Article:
The Age 30 May 1992 12 EXTRA ARTS MUSIC: ANTHONY CLARKE A musician in search of the definitive performance German conductor Michael Gielen believes honesty is the most radical method of interpreting the work of great composers. i - A- I Si. J; Independent souls: Emma Thompson and her husband Kenneth Branagh in the film 'Henry V. IMMA THOMPSON is accessible, well-mannered, a knockout but somehow normal-looking. Surely one of the lew actresses on the 76 mm screen to graduate from Cambridge University. She is also a thoughtful . feminist, good company, eager to : please and thrilled to have been a part of 'Howards End', the third 1 E. M. Forster novel to be turned into a film by director James Ivory, producer Ismail Merchant and screenwriter Ruth Prawer Jhabvala. ' In fact, she is noticeably similar to ' the character she plays, Margaret "Schlegel, the open-minded, open-hearted older sister whose spirit ' reaches far beyond the strictures of Edwardian England. She is of course "prettier than Forster's bohemian ' spinster in her late 20s, who marries the more conventional widower-financier Henry Wilcox (Anthony Hopkins), and just as spirited. " "I love the fact that she's the cen-; tral moral force In the book and in the .' film," says the British actress. "I am fascinated by where she is In history. "J I Identify with her almost completely ; ... It was one of those rare times "when you think, 'I am absolutely right for that part'." i-V Ms Thompson, 33, is well known as a stage and TV actress, and also as the wife of Wunderkind actor-director Kenneth Branagh. They are an awesome couple he energetic and taut, nominated for a directing Oscar the first time out; she looser, more comedic, more physical. But until now, except for 'The Tall Guy' (opposite Jeff Goldblum) and 'Dead Again', Ms Thompson has been known more FILMS: JUDITH WEINRAUB, Washington Ms Maimers For Emma Thompson, star of 'Howards End', the most important thing in life is good behavior. to the film-going public through supporting parts in 'Henry V (starring and directed by her husband) and 'Impromptu' not exactly mainstream films. As the central character in 'Howards End' (working with Hopkins and Vanessa Redgrave), all that is likely to change. "Ms Thompson comes into her own," said the 'New York Times'. "Hers Is the film's guiding performance." (In his review this week, 'The Age' film critic Neil Jillett wrote: "I don't expect to see better screen acting this year.") Ms Thompson's childhood was nothing like the etiquette-ridden upper-class world depicted in 'Howards End. Her parents, both theatrical folk who came from broken homes, met at the Bristol Old Vic drama school. They married one morning during a run of 'A Midsummer Night's Dream', and went on to play the matinee. Emma Thompson grew up In London, later attending a women's college at Cambridge. She met Kenneth Branagh six years ago when they were cast as husband and wife in the BBC mini-series 'Fortunes of War', and married three years later (and three years ago) In between performances of 'Look Back in Anger'. They are both active members of Branagh's actor-run Renaissance Theatre Company, which performs Shakespeare In London and the provinces, and did a world tour after Henry V. Branagh is originally Northern Irish and Thompson's family Is Scottish. Her British-European bias Is also on display In her next project: a screenplay for Jane Austen's 'Sense and Sensibility. When she accepted , the opportunity, she sought advice from the Oscar-winning Ms Jhabvala, a charter member of another, more established wandering theatrical company (the Merchant-Ivory-Jhab-vala trio has been together for 39 years) and also a screenwriter who doesn't live in Hollywood. Ms Thompson says she couldn't possibly live there. At least not permanently. "It would be too foreign to me," she says. There she sees things that trouble her bus stops populated exclusively by old people, blacks, Mexicans and the handicapped. And already thin actresses starving themselves in a way she says is not required of English actresses. She wrote about women and their food problems a lot in her BBC variety series, 'Thompson', and continues to fret over the issue. "It's auto-cannibalism," she says. "There are many women out there who aren't well. It makes me so angry. It's as though women left the kitchen only to be starved into submission. How can you have the energy to work if you can't eat?" For Thompson, the goal is not movie stardom or the Hollywood deal, but the independent production company she and Branagh hope to have. The goal is also making people laugh, enjoying her life, treasuring her good fortune.. And it doesn't hurt If good manners are part of the package. "I place a moral value on the way people behave," she says. "I find it repellent to have a lot, and to behave with anything other than courtesy in the old sense of the word politeness of the heart, a gentleness of spirit" WASHINGTON POST 'Howards End' is screening at Hoyts cinemas. THE distinguished German conductor Michael Gielen uses English with a precision shown by some writers such as Nabokov, for whom English is not their native tongue but who use it with more finesse than the native-born. Thus, when he speaks of conducting "radical" interpretations of the great composers, or of his love of "radical" opera productions, he is using the word not in the contemporary slipshod meaning of Just very different or "modern for the sake of it", but to seek out definitive interpretations. "Radical means truth," he says. "It can mean the quest for authentic tempi in conducting Beethoven, or in a new production of 'Parsifal' by a director such as Ruth Berghaus, who strips away the accretions of history and tradition and penetrates to the true essence of the piece." Michael Gielen is touring Australia for the ABC and appears at the Concert Hall with the Melbourne Symphony Orchestra this afternoon, where he performs Mozart's 39th Symphony, Webern's Six pieces Op. 6 and Five pieces Op. 10, and Schubert's Ninth Symphony. He returns on Thursday, Friday and Saturday to conduct the Berg Violin Concerto with soloist Ernst Kovacik, and Bruckner's Ninth Symphony. Mr Gielen first came here in 1966 to conduct the Sydney Symphony Orchestra and is with us again, he says, "because I wanted my wife to see Australia". Much has changed not least, the Sydney Symphony, with whom he has so far been rehearsing and performing. "For a start they are awake now in 1966, 1 fear they were mostly sleeping. Now, they are much more alert. They've been exposed to far more things. And now there is a proper percussion section. It is a great change." Although Michael Gielen has long been a champion of modern music, his concerts here are weighted towards the more popular repertoire. "The ABC," he says, "must know their audiences, but it is a more conservative choice than I am used to in Europe. I did have far more adventurous programming when I was first here, and I don't think anyone liked it, apart from a few advanced intellectuals. "I think there is enough that Is radical in the programs to make them invigorating. For some, my performances of Beethoven are far more shocking than the most modern work could be. I am not an 'original instruments' advocate; for me, the quest for authenticity is to forget what people such as Furtwangler did to Beethoven, as they slowed the tempo to unpardonable limits. To realise Beethoven's own intentions is to shock many people used only to the weight of historical interpretation. It is to be honest." Michael Gielen much admires the British conductor Roger Norrington for his approach to Beethoven. "It is easier I Jit w II Michael Gielen: a champion of modern music. for him, however, with his small ensemble, to lift the tempi to their original metronome markings. He plays some movements of the symphonies at speeds impossible for an orchestra of the size I prefer to work with one Just loses control." This quest for authenticity is not new. "The two schools of conducting have always coexisted. There was Furtwangler, but there was also Toscaninl. Going further back, there was Wagner, but to counterbalance him, there was also Mendelssohn." Of today's younger conductors, he finds great promise in Simon Rattle. The conductor of our age? "Without a doubt, the great Carlos Kleiber. He is the genius of conductors." For Michael Gielen, there is no sharp distinction between classical, Romantic or the avant-garde. He was nurtured on the New Vienna School of Berg, Webern and Schoenberg, but believes that, while style changes, the tradition of music is an unbroken flow. "One era of music feeds another. It is Important to be able to conduct Schoenberg well if one wants to conduct Beethoven well. All my musical thinking has been influenced by the Vienna School; by performances I have been privileged to attend, such as Berg's arrangement for eight hands of the Mahler Seventh. The standard of inter pretation set by Berg has influenced me very strongly. "These composers did not regard themselves as revolutionary in the sense of totally breaking with the past; they were developing from the past, but essentially remaining within- a great musical tradition. And for lan Interpreter, that feeling of working within a great, unbroken lineage is the same, whether conducting Beethoven or Berg, or presenting a work in its f ifst performance." Maestro Gielen, who has conducted most of the great orchestras of the world in parallel with a long career in opera, including posts as lntendant and musical director of Frankfurt Opera and director of Netherlands Opera, is at present chief conductor of the 99-member South West German Radio Orchestra, based at Baden Baden. He works there for three months a year, combining it with teaching at Salzburg and guest appearances elsewhere in Europe and the world. "Conditions at the orchestra are luxurious, compared to most places, because the subsidy lets us override purely commercial factors and gives pieces the preparation time we think they really need. Eight days' rehearsal, even 10, then we record, and only then do we perform that's how we achieve great performances.", a community photography project Photograph a unique aspect of the city and be part of Melbourne's o'' 150th birthday celebrations. 120 printed & framed photographs and a slide & sound installation of 480 images will form a major exhibition to be staged at the Melbourne Lower Town Hall October 5 - 30. CAMPASPE GALLERY Calder Hwy, Carlsnihe 3442 (054) 223773 (between Kyneton & Woodend) "$500 & UNDER EXHIBITION" 24th May-8th June Exhibiting artists: (Landscape, seascape, flora and fauna RICHARD CHAMERSKI. STEVEN DEUTSCHER, ROBERT FREEMAN, JEFF GAUCI. BEVERLEY GRAHAM, PAUL MARG0CSY, JOHN McQUALTER. VIDA PEARSON, JENNY PHILLIPS, GAYLE RUSSELL, RODGER SCOn, LINDSAY W0MERSLEY. Sculoutre: DIANNE BARTON, PEGGY THALL0N-SMITH, IAN THURR0WG00D. Jewellery: CAROL BOGLE MELBOURNE FINE ART GALLERY I Registrations close June 1 2 " wish to participate in the 'Our Melbourne' a mmmiirihi r,htfirarht nfnial ' ui'njpiivivaiOK'7K'ulBU,i (Community and school groups may also register.) I I Name I Address I I I - tgsSSij3 n I ir y STEVE HARRIS 28 May 7 June Postcode Contact person not groups) Phone 15-25 26-60 I I I Cnr Flinders and Market Sty Melbourne Phone: 629 6853 Open: Tuesday to Friday IO-6 Saturday & Sunday 1-5 I over 60 I Age under 15 There are only 1 500 rolls of film to be distributed, so return this registration form immediately. Kodak are ! providing free 35mm slide film and processing so ' I please ensure your camera is suitable. I I Please post to . I 'Our Melbourne' I Cultural Development Branch tt.V.v City of Melbourne cm m m, 174 Franklin Street, Melbourne, 3000 THE ISSUES THAT MATTER In SATURDAY EXTRA every Saturday with "The Age I Qo5 I PROJECT OFFICER Music For Youth seeks a Project Officer to coordinate its national series of youth music festivals. The position entails the development and administration of each festival, liaison with local contacts including educational institutions and authorities, preparation of grant submissions, and promotion of Music For Youth from local to national level. The applicant should ideally have tertiary qualifications In music or another relevant field, have experience in arts management and possess excellent communication and inter personal skills. The position is based in Sydney For more information, please contact: Sharman Pretty, General Manager Youth Music Australia Phone 02 505 7400 Tollfree 008 222 319. Applications close: Friday, June 5. 1992. Muiic For Youth it jotnt project of the Bih Foundation and Youth Musk AuttMM ITALY- CITIES & COMPOSERS an audio-visual experience at AMP (car Bourke & William) with Dr Ian Guthridge TODAY, May 3t, U-5 pm. In the company of Italy's great composers (Monteverdi, Vivaldi, Puccini . . .), we make a visual journey thru Palermo, Rome, Milan, Venice &c. playing excerpts of music against the visual background of the cities the composers came from . . . Cost: $20, Be there by 1.15 room for 240. MAYNARD WATERS EXHIBITION OF COLOURFUL SEMI NAIVE PAINTINGS OF RURAL OUTBACK AUSTRALIA GREYTHORN GALLERIES MAY 28 - JUNE 7 2 TANNOCK STREET. NORTH BALWYN HOURS: 10-5 MON. - SAT. 2-5 SUN. 857 9920 USEE 3P Wildlife Exhibition Sculpture by Christopher Slubbs Palntls by: Renata Bruynzeel, Debbie Byers, Patricia Harman, Paul Margocsy, Renata Officer, Dawn Stubbs. Cnr. Princes Hwy. (c Cardlnla St., Berwick. Ph. 707 4561. MARGARET COWLING Artist In Residence Melbourne Grammar School WATERCOLOURS Motor Works Gallery 39-41 Arnold Street, South Yarra Dally: 10 am 5 pm. 23rd May - 5th June. 867 2547. ALAN WARREN t S 1 9 1 1 EXHIBITION CLOSES JUNE 17th EASTQATE GALLERY 158 BURWOOD BO HAWTHORN Ph: 818 1656 Mon-Frl 9am-5pm Sat 9am-12 noon Sun 2-5pm 1 :iwSl ivrw art showT partitioning for hire 592 6140 all hours I EXHIBITIONSALE NUNAWADING CIVIC CENTRE SATURDAY 30th-SUNDAY 31st MAY 1 0 am-4 pm THE LATEST IN Computer Games Green Guide EVERY THURSDAY WITH THEMLAGE MELBOURNE CHEAPEST AND BEST RESTAURANTS In EPICURE every Tuesday with 'The Age' IUEIE WlttUlKUWMW EVERY MONDAY AT YOUR NEWSAGENT TOM GLEGHORN MOST RECENT WORKS NOW ON VIEW SALON DCS ARTS 17 Woodatoc St, Balaclava Pti: 626 8550 Mon-Fri. 10-5. Sat-Sun 1-5 THE BELL SHAKESPEARE CO. ARTISTIC DIRECTOR: JOHN BELL, AM 0BE To coincide with the opening of the new Globe Theatre In London on April 23, 1994, The Bell Shakespeare Co. will organise a tour to the UK, Germany and Japan In 1994. Expressions of interest are now sought from Shakespeare enthusiasts who would be Interested in joining the tour. For further details phone Andrew Porter, Business Arts Connection on 8200683. New Exhibition Photographic Portralta from tho Collodion of iho National Oollory of Victoria. A touring oihlbltlon protanlod by tho National Canary of Victoria and tho Wavorloy City Canary Lecture on the exhibition By Jim Logan Director Wsvtrlsy City Qsllsry and Isobsl Crombls, Curator ot Photography, N.O.V. Fres ol charge 7pm Monday 1st June Waverley City Gallery Gallery Cale Bookshop 170 Jells Rd Wheelers Hill Vic 3150 ph 562 1569 Hrs Tuts Sun 10 5pm Closed Mondays Director of Entertainment Burswood Resort Casino, four times winner of the Sir David Brand Award for Tourism, is the premier Resort destination In Western Australia. The Casino is the largest in the Southern Hemisphere. The Resort complex includes: The Convention Centre, which houses the magnificent 1,450 seat Showroom. The Superdome, a SportsExhibition Concert arena with a capacity of up to 20,000 in concert mode, The Cabaret Lounge, within the Casino, with a capacity of 450. We are seeking a Director of Entertainment to take charge of our Entertainment Department which, as well as operating these facilities, provides full technical support to our substantial Convention and Banqueting business and has a permanent staff of more than 20. Applicants for this challenging position will need to demonstrate: A high level of business management skills with emphasis on all facets of theatrical and venue operation. Excellent communication, negotiation, supervisory and administrative skills. Preferably, a minimum of eight years experience in venue management techniques encompassing all aspects relating to entertainment and conventions. A substantial remuneration package, including a fully maintained car, superannuation and other benefits will be negotiated. Relocation expenses win apply where appropriate. If you believe you satisfy these demanding criteria, we are most interested to hear from you. Please send your CV, under confidential cover, to: Michael Kldd Director of Human Resources Burswood Resort Casino PO Box 500 Victoria Park WA6I00 BURSWOOD RESORT CASINO A great tface faffl of great pe-opfe, 742a LITTLE a ASSOC. JL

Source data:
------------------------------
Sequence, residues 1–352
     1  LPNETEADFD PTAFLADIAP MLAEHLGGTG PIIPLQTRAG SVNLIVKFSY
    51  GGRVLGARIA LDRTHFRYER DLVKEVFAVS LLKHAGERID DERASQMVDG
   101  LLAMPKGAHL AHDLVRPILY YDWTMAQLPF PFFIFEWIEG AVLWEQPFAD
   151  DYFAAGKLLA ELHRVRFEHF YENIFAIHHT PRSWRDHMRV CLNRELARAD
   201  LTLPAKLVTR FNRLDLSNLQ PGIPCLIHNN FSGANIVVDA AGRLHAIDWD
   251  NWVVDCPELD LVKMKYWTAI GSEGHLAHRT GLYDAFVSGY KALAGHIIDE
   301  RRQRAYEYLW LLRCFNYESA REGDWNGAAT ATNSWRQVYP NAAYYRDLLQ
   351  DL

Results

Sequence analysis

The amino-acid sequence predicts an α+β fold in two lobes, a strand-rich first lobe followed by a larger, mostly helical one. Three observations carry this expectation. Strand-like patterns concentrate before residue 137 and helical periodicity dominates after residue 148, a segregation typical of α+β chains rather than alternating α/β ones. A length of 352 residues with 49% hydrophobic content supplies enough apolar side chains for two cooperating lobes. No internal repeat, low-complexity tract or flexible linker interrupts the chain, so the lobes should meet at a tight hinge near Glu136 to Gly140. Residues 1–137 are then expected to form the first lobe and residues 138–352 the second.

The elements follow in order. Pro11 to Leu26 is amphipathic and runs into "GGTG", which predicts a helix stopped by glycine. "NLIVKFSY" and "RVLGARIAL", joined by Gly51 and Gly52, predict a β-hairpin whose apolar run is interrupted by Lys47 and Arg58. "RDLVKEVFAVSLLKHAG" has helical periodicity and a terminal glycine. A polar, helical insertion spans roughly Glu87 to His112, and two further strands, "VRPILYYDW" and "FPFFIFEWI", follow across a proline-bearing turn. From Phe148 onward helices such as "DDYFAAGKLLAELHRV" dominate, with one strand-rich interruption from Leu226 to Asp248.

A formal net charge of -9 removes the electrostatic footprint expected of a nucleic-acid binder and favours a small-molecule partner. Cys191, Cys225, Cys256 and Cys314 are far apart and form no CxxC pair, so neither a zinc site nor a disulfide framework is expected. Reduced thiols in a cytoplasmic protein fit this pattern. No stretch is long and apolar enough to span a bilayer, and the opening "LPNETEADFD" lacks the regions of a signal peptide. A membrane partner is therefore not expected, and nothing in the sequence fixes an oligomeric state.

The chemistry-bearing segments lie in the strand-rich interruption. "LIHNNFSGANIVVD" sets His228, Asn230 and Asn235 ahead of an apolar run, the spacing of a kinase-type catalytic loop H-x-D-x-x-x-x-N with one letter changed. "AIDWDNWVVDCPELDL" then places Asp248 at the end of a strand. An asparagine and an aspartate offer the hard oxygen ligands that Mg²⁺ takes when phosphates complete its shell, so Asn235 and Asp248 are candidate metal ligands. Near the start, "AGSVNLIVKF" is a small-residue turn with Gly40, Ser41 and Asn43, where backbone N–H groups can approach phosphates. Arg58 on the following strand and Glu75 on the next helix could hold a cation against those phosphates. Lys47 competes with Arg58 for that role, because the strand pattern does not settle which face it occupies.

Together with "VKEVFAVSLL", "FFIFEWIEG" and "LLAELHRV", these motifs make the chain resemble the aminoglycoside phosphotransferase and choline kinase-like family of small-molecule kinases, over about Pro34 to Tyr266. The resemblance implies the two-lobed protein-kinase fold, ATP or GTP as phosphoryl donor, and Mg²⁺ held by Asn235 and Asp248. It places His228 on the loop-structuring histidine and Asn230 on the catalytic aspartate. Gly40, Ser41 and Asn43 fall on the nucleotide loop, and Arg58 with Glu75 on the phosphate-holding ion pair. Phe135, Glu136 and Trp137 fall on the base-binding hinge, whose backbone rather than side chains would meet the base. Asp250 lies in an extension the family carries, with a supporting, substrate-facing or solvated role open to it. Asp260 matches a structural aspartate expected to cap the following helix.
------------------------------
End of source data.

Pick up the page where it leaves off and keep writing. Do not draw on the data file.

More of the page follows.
What members have found on this page

Get access to Newspapers.com

  • The largest online newspaper archive
  • 19,600+ newspapers from the 1700s–2000s
  • Millions of additional pages added every month

Publisher Extra Newspapers

  • Exclusive licensed content from premium publishers like the The Age
  • Archives through last month
  • Continually updated

Try it free